Oftentimes, when looking inside one’s self, you can see a lot of embarrassing things. Cowardice, fear, insecurities, anger, superiority, pride and cruelty. Self-deceit doesn’t want you to see these things.

You see, he can team up with Deceit to try and make your life as easy as possible. Deceit wants to plan out life so it’s easy, and Self-Deceit fools you into thinking it is. After all, if every time you look for your inner demons you see nothing “bad”, you’ll quit worrying about it and believe you’re awesome instead!

Like this guy:

http://www.youtube.com/watch?v=OYws8biwOYc

That’s how that part of you talks (you normally experience it as thinking). To him, criticism is “uncool”, and it would rather live in a world full of people who don’t question him than ever consider his own cowardice. And that’s what he is, when you come down to it.

A coward.

So where is this guy in you? Any time you insist that you are a particular way¬†you like, and deny that you are bad in any way, with thoughts like “I’m pretty darn cool.”, “Wow I’m smart, yeah!”, “No no I’m not a coward.”, or “I’m Innocent, seriously!”, this is the indication of self-deceit trying to have power over you, and trick you.

And maybe you’re not cowardly (most of the time). But why insist on it? Why make a big deal to yourself about how you are a particular way? You¬†could just act with courage, and leave it at that.

Self-deceit just doesn’t want you to see your own inner world, your difficulties, your flaws, all the embarrassing stuff about yourself. Can you see why this is a problem? No matter how awesome you feel, issues are left unsolved. You remain a mystery to yourself. Your pain and depression and frustration continue.

So how did I get past this guy? Three things:

  1. The Inner Victim – the part of one’s self who feels helpless and weak, who worries and tries to grasp on to solutions – this part of myself came to the point where lies were hurting her so badly that she¬†desperately¬†wanted the truth. She realized that the truth would be the only thing that would empower her to make decisions that would¬†really¬†help her. Otherwise she was at the whims of the lies of my Deceiver and Self-Deceiver. She no longer wanted things to be nice, or cool or awesome. She wanted to see the bad and face it down, and find real solutions, no matter what she found on the way to them. She didn’t want to be fooled.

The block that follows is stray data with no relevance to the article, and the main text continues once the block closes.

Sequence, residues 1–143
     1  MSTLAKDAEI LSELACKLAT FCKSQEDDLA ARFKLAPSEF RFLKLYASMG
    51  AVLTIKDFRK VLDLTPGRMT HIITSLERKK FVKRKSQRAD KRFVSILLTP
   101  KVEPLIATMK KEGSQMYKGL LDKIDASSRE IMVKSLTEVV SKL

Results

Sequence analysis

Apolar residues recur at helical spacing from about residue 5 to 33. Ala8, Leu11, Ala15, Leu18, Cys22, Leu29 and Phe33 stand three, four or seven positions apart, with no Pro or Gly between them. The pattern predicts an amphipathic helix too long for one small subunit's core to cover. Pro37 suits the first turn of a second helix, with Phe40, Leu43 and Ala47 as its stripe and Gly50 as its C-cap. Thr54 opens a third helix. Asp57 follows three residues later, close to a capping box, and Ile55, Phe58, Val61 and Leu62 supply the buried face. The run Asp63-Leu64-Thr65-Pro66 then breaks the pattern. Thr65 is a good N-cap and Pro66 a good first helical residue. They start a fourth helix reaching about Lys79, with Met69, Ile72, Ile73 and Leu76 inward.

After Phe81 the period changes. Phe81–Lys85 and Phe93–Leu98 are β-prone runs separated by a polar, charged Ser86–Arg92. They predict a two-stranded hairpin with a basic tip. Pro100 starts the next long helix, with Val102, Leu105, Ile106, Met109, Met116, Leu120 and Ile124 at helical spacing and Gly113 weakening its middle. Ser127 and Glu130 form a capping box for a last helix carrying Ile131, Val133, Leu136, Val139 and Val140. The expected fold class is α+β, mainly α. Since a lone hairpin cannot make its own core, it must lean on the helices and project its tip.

2. I challenged Self-Deceit’s notion that it’s awesome to fool one’s self. I gave him the idea that it was¬†more awesome¬†to be able to stand tall in the face of all the darkness inside one’s self. He bought into this for a second, but his fear got the better of him. That’s when I realized he was a true coward.
  3. See those star glasses he’s wearing in the picture above? I imagined taking them off. I ripped off his mask. And underneath, I saw a scared, insecure, quivering child. “No… my precious coolness…” he said, “Damn it… give [the glasses] back… I don’t want to see… that I’m insecure…”

After that, his game was up. He stopped trying to deceive me, because he was forced to see how uncool he really was. Yeah it can be uncomfortable, but ultimately it’s what we need to be healthy, to know what goes on inside ourselves without the interference of our imaginations.

That’s how he gets you, by the way, Self-Deceit has the power to create illusions with your imagination. You can imagine anything – it can be the exact opposite of what’s actually inside you. How do you know the difference? You could always get lost in a world of illusions created by Self-Deceit to distract you from your desire to see the truth. We could avoid the guilt, the pain, the¬†embarrassment for our entire lives. It doesn’t mean it’s not there, but we’ve covered it over with our own unwillingness to see our flaws. Our own fear.

In the mean time, we can’t pursue the truth, self-improvement, or healing consciously.

So, knowing this – is that how any of us truly wants to live? If you could see what Self-Deceit can do to you, I’d bet not. So call this guy out! Oh and good luck finding him, too – he probably doesn’t want you to. But I think you’ll know him when you find him.

For more help on the dynamic involving the Deceiver, the Inner Victim, Self-Deceit, and the Good-Hearted Theorist, check out these previous blog posts:

Overview: Self-Deceit and Manipulation

Overcoming Self-Deceit, continued

The Inner Deceiver’s Return

(Note: I call it Self-Deceit here, but there’s a difference between the Self-Deceiver and the Deceiver. The Deceiver wants an easy life through lying to others. The Self-Deceiver wants to run away from the truth of himself. But it’s a pack of lies regardless.)